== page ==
money for an expensive building. In 1753, at the request of the
trustees of Princeton, he went abroad, with Reverend Samuel Davies,
to secure funds for that institution. Mr. Tennent was one of the
most conspicuous ministers of his day. He affected eccentricity in
his pulpit, but his sermons were marked both by forcible reasoning
and by passionate appeal. The controversies in which he engaged made
him many enemies, and he was even accused of immorality. His
published volumes are "XXIII. Sermons" (Philadelphia, 1744);
"Discourses on Several Subjects" (1745); and "Sermons on Important
Subjects adapted to the Perilous State of the British Nation"
(1758). Among his many separate published discourses are "The
Necessity of studying to be Quiet and doing our own Business" (1744)
; several on the lawfulness of defensive war (1747 et seq.) ; and "A
Persuasive to the Right Use of the Passions in Religion "(1760). Mr.
Tennent also wrote an "Account of a Revival of Religion " in
Prince's " Christian History" (1744). See also a volume of "Sermons
and Essays by the Tennents and their Contemporaries" (1855).

President Samuel Finley, of Princeton, delivered his funeral sermon,
which was published with an appendix and a "Funeral Eulogy" by a
young gentleman in Philadelphia (1764).--Another son, William,
clergyman, born in County Antrim, Ireland, 3 January, 1705 ; died in
Freehold, New Jersey, 8 March, 1777, also came to this country with
his father, with whom he followed a preparatory course, and then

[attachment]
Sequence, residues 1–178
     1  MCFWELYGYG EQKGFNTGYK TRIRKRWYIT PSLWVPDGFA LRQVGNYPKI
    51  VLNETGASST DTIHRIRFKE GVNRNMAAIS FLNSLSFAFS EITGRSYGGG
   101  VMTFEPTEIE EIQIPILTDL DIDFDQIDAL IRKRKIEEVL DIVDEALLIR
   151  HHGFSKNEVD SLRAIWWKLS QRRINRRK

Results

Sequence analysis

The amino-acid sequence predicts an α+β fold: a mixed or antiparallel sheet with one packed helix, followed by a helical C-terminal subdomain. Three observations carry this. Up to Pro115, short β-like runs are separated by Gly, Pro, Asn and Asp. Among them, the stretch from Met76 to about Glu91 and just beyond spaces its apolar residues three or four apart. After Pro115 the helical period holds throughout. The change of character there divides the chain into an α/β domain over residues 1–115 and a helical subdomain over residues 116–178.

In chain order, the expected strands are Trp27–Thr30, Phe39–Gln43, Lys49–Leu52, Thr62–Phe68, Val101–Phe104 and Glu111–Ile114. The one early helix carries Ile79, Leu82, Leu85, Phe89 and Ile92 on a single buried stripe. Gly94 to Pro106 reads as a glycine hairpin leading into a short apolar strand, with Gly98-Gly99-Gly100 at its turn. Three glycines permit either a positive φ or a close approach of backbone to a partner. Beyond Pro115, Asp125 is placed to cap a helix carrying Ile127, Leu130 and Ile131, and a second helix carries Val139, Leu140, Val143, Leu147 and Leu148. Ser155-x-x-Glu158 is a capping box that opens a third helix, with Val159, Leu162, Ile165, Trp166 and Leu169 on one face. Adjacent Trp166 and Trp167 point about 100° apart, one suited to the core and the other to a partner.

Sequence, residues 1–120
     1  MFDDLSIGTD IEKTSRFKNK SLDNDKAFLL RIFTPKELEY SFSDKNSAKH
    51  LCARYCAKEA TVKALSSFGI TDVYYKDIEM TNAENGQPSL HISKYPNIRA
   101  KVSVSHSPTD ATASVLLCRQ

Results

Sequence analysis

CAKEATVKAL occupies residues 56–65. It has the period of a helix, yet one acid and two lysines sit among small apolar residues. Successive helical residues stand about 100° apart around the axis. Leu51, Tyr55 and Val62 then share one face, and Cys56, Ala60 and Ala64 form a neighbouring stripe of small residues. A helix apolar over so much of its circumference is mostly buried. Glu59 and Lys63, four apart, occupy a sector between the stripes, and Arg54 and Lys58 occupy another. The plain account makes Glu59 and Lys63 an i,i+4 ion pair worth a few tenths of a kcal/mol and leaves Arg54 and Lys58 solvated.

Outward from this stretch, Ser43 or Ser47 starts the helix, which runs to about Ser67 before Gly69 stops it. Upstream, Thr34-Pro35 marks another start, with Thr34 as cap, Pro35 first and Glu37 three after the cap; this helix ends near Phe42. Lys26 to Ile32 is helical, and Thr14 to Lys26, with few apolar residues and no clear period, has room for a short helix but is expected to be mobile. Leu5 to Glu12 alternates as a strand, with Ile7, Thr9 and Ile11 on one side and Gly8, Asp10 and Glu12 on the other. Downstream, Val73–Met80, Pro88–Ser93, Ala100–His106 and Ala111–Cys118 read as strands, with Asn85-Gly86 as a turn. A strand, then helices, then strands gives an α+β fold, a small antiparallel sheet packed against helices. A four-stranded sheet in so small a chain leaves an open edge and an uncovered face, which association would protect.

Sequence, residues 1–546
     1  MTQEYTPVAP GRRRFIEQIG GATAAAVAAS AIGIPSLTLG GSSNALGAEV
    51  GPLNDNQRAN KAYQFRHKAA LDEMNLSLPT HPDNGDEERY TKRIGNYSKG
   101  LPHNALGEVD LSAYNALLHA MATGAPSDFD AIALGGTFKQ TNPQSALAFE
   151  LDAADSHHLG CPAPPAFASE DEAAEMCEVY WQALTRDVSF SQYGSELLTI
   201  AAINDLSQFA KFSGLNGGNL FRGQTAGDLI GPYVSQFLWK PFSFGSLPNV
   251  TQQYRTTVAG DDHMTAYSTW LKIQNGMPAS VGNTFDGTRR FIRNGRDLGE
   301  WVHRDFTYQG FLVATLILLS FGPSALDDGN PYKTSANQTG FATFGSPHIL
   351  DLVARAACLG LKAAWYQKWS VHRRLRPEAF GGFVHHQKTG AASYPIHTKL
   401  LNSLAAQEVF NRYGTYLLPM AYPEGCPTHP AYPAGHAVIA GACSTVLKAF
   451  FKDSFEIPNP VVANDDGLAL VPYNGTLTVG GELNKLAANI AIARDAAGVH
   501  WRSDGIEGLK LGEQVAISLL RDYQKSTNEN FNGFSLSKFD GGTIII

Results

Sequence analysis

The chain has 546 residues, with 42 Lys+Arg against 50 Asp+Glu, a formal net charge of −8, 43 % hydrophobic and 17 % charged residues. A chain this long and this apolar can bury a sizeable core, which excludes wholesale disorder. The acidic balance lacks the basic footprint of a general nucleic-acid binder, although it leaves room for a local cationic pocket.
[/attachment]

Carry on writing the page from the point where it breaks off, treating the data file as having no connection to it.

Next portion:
studied theology under his brother Gilbert in New Brunswick. He had
nearly finished his course there when he fell into a remarkable
trance or cataleptic fit, continuing for several days as if dead.
His physician refused to permit his burial, and efforts to
resuscitate him were finally successful, though his life was
despaired of for weeks. He was obliged to learn anew to read and
write, and had no recollection of his former life till on one
occasion he felt a "shock in his head," after which his former
knowledge began slowly to return. He subsequently asserted that
during his trance he had thought himself to be in heaven, and that
afterward the recollection of the glories that he had witnessed and
heard was so intense as to blot out for a long time all interest in
earthly things. Mr. Tennent was ordained at Freehold, New Jersey, 25
October, 1733, as successor to his brother John, and was pastor
there forty-four years. He published several sermons. See a memoir
of him by Elias Boudinot, with a detailed account of his trance (New
York, 1847).--Another son, John, clergyman, born in County Antrim,
Ireland, 12 November, 1706; died in Freehold, New Jersey, 23 April,
1732, also came to this country with his father, was educated at the
Log college, and licensed to preach, 18 September, 1729, and from
1730 till his death was pastor at Freehold. A memoir of him was
published by his brother Gilbert, with a discourse on "Regeneration"
(1735), which warrants the belief that, had he lived, he would have
become as eminent as his brother.--The second William's son, WILLIAM
(1740--'77), was graduated at Princeton in 1758 with Jeremias Van
Rensselaer, and from 1772 till his death was pastor of a church in
Charleston, South Carolina, where he was elected to the Provincial
congress.